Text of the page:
What comic next?
January 4, 2021 2:15 AM   Subscribe

My partner loves Jarvis/Vision from the MCU movies so I bought her the Vision comic anthology by Tom King for Christmas and she's loving it. I don't know much about comics but would love to get some recommendations about what other works might be great for her if she's interested in more such works in the future.

Generally I think what would work best is similar collections of comics, given our conversations I don't think she'd appreciate a bunch of individual issues yet or want a subscription. Almost all of her exposure to the world of comics comes through the MCU as well, so she's mentioned her interests align with characters already present in that canon.

I know she loves Iron Man the most out of the Avengers, and is a huge fan of Spider-Man as well, so any great anthologies from those characters would be great. She also mentioned that with the Vision book she loved that it didn't require too much prior knowledge about a comic universe to understand, so things that are too inside baseball might not be a hit.
posted by Carillon to Society & Culture (6 answers total) 5 users marked this as a favorite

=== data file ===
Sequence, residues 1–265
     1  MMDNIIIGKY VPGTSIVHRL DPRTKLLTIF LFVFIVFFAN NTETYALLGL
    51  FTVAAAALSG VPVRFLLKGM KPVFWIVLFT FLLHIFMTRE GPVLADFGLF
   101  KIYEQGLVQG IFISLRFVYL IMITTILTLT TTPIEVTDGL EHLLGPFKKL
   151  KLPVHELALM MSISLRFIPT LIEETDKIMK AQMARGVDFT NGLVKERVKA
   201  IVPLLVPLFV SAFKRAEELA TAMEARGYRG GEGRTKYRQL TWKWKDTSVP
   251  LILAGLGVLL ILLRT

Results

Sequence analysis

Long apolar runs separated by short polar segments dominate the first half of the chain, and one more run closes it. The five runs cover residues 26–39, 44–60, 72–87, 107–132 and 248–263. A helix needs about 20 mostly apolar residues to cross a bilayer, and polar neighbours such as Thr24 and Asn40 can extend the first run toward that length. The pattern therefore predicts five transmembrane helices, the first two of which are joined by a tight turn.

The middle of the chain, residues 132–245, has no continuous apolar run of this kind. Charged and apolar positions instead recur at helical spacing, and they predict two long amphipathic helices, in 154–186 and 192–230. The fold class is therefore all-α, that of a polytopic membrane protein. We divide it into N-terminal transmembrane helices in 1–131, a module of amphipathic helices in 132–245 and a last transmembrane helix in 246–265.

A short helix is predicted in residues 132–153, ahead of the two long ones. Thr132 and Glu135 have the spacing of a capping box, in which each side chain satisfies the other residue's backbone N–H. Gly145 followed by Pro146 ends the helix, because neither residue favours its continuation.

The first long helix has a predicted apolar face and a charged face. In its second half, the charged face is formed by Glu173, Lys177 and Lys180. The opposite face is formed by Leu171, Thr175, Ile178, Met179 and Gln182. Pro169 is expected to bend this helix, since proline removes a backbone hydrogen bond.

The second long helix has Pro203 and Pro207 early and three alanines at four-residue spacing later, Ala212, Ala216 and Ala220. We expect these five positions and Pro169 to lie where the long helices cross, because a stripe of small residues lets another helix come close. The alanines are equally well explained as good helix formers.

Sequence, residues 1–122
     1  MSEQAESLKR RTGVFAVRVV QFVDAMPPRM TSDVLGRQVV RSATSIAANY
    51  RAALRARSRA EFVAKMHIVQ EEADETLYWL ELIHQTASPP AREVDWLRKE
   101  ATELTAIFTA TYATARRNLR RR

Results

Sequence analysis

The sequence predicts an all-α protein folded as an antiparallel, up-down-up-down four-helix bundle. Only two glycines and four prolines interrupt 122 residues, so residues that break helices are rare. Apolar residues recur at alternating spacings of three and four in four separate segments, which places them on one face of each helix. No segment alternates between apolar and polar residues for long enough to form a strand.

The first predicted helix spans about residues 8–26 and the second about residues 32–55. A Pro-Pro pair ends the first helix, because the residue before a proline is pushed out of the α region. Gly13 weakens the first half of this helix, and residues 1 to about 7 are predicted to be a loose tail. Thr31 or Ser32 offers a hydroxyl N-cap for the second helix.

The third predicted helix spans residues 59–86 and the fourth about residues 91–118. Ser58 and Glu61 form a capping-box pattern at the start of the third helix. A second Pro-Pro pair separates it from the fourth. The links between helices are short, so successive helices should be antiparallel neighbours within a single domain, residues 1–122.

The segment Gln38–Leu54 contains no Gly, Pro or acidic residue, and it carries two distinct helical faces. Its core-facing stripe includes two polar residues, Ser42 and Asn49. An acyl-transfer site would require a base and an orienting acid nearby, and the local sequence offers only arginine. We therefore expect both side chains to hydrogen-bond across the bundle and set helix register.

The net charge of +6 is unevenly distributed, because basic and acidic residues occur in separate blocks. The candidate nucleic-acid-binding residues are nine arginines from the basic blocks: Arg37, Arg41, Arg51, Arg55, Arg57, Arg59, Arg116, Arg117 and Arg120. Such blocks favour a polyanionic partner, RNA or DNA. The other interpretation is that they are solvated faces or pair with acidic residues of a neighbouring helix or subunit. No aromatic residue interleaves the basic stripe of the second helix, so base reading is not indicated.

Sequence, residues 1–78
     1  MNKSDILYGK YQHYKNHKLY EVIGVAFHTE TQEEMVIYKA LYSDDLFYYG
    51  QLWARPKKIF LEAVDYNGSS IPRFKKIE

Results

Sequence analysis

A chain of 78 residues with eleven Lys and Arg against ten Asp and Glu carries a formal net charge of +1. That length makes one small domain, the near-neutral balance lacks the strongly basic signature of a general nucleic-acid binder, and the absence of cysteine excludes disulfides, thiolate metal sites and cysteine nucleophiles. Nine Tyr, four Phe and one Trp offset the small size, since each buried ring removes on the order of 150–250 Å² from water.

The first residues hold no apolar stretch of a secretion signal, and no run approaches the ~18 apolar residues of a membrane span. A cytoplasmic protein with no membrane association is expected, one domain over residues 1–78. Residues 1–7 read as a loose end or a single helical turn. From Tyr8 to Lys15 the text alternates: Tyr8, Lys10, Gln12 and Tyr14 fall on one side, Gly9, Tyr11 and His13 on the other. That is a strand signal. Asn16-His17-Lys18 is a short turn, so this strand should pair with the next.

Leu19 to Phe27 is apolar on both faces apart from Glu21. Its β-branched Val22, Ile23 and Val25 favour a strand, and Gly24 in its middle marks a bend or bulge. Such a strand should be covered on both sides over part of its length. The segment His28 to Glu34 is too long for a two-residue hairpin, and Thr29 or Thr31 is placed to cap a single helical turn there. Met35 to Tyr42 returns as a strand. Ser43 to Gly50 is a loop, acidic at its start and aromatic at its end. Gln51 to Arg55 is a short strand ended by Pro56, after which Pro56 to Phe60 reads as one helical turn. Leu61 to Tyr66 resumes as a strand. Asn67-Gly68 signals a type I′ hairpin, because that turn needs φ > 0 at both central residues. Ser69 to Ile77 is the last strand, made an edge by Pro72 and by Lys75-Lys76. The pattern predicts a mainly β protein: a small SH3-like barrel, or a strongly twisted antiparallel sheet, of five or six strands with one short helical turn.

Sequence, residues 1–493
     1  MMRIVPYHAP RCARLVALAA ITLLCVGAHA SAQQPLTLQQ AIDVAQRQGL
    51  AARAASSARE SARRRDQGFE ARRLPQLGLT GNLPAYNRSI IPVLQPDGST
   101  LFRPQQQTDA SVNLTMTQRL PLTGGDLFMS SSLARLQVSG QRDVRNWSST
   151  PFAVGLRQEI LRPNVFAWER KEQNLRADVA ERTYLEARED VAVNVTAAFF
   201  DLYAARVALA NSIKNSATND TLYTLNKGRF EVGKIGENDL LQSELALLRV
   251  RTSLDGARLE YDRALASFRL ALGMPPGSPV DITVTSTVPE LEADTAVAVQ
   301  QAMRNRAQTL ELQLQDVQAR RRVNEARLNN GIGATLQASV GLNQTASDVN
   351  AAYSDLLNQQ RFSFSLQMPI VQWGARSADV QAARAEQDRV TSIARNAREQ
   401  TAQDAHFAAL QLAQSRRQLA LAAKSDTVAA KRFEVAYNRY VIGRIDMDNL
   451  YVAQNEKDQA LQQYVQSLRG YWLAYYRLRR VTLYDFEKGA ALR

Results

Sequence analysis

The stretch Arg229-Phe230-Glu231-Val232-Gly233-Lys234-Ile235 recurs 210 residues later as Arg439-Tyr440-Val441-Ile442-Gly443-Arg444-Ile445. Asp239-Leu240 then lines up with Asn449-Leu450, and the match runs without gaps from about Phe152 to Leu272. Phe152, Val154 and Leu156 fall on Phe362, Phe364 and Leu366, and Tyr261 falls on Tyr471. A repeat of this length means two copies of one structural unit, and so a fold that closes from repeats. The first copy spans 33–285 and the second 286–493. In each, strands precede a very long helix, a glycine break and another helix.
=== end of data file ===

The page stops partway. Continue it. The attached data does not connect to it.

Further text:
Best answer: Hawkeye by Matt Fraction and David Aja?
Spider-Man Kraven's Last Hunt by DeMatteis and Zeck?

Vision was a fairly unique series so if that's her first experience then I don't know if she'd go for something more Super-heroey.
posted by any portmanteau in a storm at 5:45 AM on January 4, 2021 [1 favorite]


Best answer: I found the recent runs of Unbeatable Squirrel Girl to be both accessible and tied into the world of the Avengers. Doreen Green takes a different approach to superheroing than most, and Ryan North keeps things interesting and fun. They are collected in paberback, and there's a standalone graphic novel.
posted by rikschell at 6:09 AM on January 4, 2021 [3 favorites]


Best answer: I was going to say Squirrel Girl, which has lots of drop-ins from other comics and might help her find other titles she's interested in.

Other, non-Marvel books that are amazing and come in compilations: Saga, Love and Rockets.
posted by Lawn Beaver at 7:19 AM on January 4, 2021 [1 favorite]


Best answer: There's a mini-series called WandaVision about Scarlet Witch and Vision debuting January 15th on Disney+ starring Paul Bettany and Elizabeth Olsen from the MCU movies. It looks awesome.
posted by jamaro at 10:20 AM on January 4, 2021


Best answer: Seconding Fraction's Hawkeye run (I think it's about 27 issues?) as well as Ryan North's Squirrel Girl (60ish issues).